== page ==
Mohamed Noor, 33, of Radworthy, Furzton, and Albert Prempeh, 35, of no fixed abode, were convicted and sentenced on Tuesday 27th of March of murder at Luton Crown Court.
The pair were convicted following a 15-day trial by a unanimous jury.
The conviction follows the murder of Suhaib Mohammed, 19, who was shot in, Eaglestone on Tuesday 13 September last year.
At around 5am, Noor and Prempeh approached a property in Osprey Close in which Mr. Mohammed was present.
Noor, who was holding a gun, put his arm through the window where three men were inside.
He then attempted to fire the gun on numerous occasions, one of which discharged, and hit Mr. Mohammed, hitting him in the armpit, leading to the injuries from which he later sadly died in Milton Keynes General Hospital.
Prempeh waited outside the property while the shooting took place, and the pair then fled the scene together.
Noor and Prempeh fled the scene following the shooting. Noor then handed himself into the police later that day, while Prempeh was arrested on 17 September.
Noor was charged on 14 September, and Prempeh was charged on 20 September.
Senior Investigating Officer Detective Chief Inspector Mike Lynch, of the Thames Valley Police Major Crime Unit, said:
“Justice has been done, and Noor and Prempeh have been convicted of this crime. The motive behind this killing is unclear, but it appears that Mr. Mohammed was not the intended victim.
Noor and Prempeh’s reckless and callous actions have caused a young man to lose his life.
I would like to commend the family of Mr. Mohammed for their bravery following this incident, as well as the community in and around Osprey Close, who provided help and support to officers throughout the investigation.
Noor and Prempeh will now be spending a significant period of time in prison for this crime, and while I know that this will never bring back Suhaib to his family, I hope that it helps as they continue to come to terms with his death.”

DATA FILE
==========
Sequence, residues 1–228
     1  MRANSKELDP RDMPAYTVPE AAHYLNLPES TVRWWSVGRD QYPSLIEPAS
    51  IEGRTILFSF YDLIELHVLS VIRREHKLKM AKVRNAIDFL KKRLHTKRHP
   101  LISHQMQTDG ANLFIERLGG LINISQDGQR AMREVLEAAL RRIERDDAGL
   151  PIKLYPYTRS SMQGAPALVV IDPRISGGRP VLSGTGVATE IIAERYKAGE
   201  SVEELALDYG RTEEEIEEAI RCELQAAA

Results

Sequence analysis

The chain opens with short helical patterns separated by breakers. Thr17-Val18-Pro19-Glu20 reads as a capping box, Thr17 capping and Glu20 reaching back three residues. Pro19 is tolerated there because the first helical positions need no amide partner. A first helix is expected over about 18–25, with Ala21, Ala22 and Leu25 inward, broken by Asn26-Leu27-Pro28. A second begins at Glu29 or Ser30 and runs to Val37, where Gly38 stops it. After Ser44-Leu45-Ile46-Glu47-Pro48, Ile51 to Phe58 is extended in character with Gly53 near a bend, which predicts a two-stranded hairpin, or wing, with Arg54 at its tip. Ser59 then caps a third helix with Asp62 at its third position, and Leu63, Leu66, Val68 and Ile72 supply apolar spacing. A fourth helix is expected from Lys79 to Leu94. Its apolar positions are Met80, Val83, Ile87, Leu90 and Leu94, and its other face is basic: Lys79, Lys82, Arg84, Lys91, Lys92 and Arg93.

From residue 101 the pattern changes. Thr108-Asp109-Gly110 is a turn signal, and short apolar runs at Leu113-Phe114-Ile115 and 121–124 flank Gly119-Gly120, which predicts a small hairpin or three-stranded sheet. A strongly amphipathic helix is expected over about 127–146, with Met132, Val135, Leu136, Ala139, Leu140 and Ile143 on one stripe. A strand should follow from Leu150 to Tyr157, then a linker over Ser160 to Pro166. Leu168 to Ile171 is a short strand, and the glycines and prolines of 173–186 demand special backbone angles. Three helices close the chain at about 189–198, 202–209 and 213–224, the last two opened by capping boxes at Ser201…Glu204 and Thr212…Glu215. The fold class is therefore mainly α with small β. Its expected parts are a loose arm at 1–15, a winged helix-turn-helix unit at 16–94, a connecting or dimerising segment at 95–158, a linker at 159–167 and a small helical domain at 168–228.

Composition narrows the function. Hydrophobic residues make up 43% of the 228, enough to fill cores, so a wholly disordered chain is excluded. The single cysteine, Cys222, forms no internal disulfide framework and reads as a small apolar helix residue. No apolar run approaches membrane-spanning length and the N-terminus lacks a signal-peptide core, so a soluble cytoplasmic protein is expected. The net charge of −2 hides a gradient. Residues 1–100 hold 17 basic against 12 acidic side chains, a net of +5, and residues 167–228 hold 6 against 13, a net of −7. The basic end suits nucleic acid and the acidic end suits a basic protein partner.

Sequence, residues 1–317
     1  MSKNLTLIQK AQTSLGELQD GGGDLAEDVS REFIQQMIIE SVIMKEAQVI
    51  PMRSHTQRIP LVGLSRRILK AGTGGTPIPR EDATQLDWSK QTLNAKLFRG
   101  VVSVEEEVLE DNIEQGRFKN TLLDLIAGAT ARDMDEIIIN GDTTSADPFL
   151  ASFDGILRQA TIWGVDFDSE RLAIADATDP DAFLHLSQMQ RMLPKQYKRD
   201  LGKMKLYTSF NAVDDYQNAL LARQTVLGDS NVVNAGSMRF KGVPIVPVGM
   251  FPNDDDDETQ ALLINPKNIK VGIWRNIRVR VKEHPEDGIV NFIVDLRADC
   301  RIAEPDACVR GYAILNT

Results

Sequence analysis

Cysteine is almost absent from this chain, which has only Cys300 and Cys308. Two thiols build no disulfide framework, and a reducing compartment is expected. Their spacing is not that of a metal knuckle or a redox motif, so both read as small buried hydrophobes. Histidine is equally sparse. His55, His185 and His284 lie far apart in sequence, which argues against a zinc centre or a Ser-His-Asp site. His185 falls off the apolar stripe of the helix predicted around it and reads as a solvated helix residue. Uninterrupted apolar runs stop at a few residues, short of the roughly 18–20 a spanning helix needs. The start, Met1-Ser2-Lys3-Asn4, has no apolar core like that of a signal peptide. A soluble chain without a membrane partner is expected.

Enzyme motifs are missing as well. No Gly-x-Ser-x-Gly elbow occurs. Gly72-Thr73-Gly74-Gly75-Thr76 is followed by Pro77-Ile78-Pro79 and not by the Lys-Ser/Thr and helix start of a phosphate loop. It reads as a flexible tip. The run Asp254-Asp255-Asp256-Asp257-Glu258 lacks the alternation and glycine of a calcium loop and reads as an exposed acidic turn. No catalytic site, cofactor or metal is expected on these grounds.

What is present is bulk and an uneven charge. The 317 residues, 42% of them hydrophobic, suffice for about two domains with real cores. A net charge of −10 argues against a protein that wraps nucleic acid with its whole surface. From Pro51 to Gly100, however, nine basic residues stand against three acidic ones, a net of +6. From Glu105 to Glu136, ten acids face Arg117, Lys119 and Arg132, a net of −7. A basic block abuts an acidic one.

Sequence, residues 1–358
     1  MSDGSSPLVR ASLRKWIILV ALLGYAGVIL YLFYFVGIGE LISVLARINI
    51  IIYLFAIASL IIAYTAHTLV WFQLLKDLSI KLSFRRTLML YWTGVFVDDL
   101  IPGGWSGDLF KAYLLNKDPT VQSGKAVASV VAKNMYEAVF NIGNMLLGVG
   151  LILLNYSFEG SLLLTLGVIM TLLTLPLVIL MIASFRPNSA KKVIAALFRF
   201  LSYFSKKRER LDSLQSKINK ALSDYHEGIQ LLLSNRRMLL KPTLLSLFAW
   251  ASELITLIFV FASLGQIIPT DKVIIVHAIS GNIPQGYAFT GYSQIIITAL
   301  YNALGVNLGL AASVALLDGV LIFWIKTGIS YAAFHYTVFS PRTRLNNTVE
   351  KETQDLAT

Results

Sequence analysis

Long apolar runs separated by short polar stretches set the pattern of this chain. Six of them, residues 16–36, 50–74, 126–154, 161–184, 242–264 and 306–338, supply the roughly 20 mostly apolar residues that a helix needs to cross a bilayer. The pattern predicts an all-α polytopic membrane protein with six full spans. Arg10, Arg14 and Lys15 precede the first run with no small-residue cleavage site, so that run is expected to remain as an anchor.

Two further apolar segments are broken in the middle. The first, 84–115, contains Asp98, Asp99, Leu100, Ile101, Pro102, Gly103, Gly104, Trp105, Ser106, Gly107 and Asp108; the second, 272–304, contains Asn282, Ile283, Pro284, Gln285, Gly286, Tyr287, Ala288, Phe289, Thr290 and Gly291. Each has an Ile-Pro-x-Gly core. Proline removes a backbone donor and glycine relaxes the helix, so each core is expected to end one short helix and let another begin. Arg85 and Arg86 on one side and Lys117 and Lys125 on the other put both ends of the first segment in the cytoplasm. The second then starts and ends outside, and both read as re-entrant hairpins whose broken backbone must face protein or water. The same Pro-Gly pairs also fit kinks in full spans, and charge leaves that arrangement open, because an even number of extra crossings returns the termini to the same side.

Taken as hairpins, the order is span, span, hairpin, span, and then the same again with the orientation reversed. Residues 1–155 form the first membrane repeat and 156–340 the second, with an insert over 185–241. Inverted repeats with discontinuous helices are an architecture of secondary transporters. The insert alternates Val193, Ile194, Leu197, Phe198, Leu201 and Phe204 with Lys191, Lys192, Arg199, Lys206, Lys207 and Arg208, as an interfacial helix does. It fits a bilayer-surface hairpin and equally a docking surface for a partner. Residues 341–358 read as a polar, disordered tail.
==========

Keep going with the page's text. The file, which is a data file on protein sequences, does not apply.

Adrian Foster, Chief Crown Prosecutor for Thames and Chiltern Crown Prosecution Service, said:
“This case represents a tragedy for Suhaib’s family and friends, who have been devastated by his death. The witnesses were utterly unprepared for what took place, and have given evidence in very difficult circumstances. I would like to pay tribute to Suhaib’s family and friends, and the witnesses, for their support of the investigation and prosecution.
We have worked closely with Thames Valley Police since this investigation was launched and as a result of the hard work and diligence of the prosecution team, a just outcome has been achieved.
The CPS takes all allegations of violence and gun crime extremely seriously and will continue to vigorously prosecute all such offenders.
We know that nothing will bring Suhaib back to his family and friends, but we hope that today’s convictions bring them at least a small sense that justice has been done. Our thoughts are very much with them all at this time.”
The family said in a public statement:
“When we moved to Milton Keynes we never thought Suhaib would die in a shooting. Mohammed Noor took a gun with him to Osprey Close and pulled the trigger. It is very sad that Suhaib was killed by another Somali, a lot of Somalis left their country to escape violence and live safely.
As we prepared for the trial our family was very nervous and anxious because we wanted to find out what really happened to Suhaib that day and why. It was very difficult and worrying to not know for the months leading up to the trial.
Suhaib will never come back no matter what the outcome is and we will have to live with that pain for the rest of our lives. His death has affected us in ways that we know about and ways that we don’t know about yet.”